Preparations for Sunfest begin weeks before the annual event brings people to Rising Sun.
"We put up the banners three weeks to a month before," said Ron Thomas, Director of Public Works.
"We make sure everything looks nice. We make it look good. But we do that every week though," said Thomas.
On Sunfest day, this year, Saturday, June 6, town crews will set up barricades in assigned places. They also take care of portable toilet placement. At the end of the day, they are charged with the task of removing all the trash that the event generates.
"It's just part of the job and we're used to it. It gets the community involved with the town and that's a good thing," said Thomas. Town crewmen Darrell Baeder said he doesn't mind the work that comes with thousands flocking to the town. Years when he is not working at Sunfest, he attends. "I don't mind the work. I have been to many Sunfests," said Baeder.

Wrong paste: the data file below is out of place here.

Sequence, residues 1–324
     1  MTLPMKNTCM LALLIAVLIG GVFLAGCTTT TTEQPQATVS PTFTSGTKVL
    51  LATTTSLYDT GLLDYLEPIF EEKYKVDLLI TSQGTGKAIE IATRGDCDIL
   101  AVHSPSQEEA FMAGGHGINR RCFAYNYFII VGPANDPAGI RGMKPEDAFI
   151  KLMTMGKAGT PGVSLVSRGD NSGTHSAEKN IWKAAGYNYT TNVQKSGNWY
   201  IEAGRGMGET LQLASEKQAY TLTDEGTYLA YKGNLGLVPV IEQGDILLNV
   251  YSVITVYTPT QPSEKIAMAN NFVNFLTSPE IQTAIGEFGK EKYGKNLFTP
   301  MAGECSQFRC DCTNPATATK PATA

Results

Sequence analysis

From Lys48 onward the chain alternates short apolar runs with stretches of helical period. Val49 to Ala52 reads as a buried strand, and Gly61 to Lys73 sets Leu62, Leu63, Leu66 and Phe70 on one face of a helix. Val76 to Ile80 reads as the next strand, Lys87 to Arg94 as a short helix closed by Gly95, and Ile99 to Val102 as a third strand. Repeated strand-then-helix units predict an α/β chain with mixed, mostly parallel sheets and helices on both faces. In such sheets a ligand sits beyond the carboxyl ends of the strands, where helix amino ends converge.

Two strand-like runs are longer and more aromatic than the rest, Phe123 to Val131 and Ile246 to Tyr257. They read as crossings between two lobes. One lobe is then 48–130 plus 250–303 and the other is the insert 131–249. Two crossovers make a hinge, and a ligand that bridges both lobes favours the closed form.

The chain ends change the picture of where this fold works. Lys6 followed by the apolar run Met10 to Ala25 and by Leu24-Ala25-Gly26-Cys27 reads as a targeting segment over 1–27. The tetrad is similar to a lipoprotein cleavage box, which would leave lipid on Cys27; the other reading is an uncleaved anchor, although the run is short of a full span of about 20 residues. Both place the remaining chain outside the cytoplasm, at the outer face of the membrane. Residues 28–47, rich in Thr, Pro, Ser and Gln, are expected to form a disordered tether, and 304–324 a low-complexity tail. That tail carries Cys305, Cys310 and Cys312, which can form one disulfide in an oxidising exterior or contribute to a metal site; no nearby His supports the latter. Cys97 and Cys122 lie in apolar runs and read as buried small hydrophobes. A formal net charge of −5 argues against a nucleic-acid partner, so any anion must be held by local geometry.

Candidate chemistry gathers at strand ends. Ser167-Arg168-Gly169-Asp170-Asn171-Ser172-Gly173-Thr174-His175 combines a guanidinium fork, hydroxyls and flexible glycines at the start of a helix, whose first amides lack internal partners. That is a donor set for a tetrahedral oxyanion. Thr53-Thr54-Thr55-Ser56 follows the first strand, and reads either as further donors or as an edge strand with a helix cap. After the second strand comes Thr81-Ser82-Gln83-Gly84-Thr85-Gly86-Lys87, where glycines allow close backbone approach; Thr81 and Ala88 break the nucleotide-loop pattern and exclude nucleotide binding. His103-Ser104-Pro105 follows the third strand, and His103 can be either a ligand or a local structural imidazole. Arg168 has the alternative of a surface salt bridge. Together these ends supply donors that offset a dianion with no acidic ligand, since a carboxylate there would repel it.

Grant Coates also works as a town crewman.
"It's (Sunfest) great. I've been there several times. I go for the food," said Coates.
The public works department aren't the only town staff that gears up for Sunfest. "We always have additional manpower for the parade and during the event," said Police Chief Chip Peterson.
The role of the RSPS during Sunfest is multi-fold. Officers lead the parade, direct traffic, patrol, man a booth at Sunfest, and more.
Chief Peterson said there are few problems during the event. Most common incidents are when people lose something or find something that has been lost. The chief said that are generally no crime-related events. "I take pride in that. We have high visibility," he said.
The police department also sets up a booth where they provide information about a crime trend or area of interest. That was still being determined last week.
The chief said Sunfest is a day filled with opportunities for the police department.
"I actually enjoy it. It gives us the opportunity to showcase the police department. Usually, we are running call to call and responding to people on their worst day. This gives people an opportunity to meet the police in a positive manner," said Peterson. "I have never had an officer say no to working Sunfest. They volunteer. They want to do it."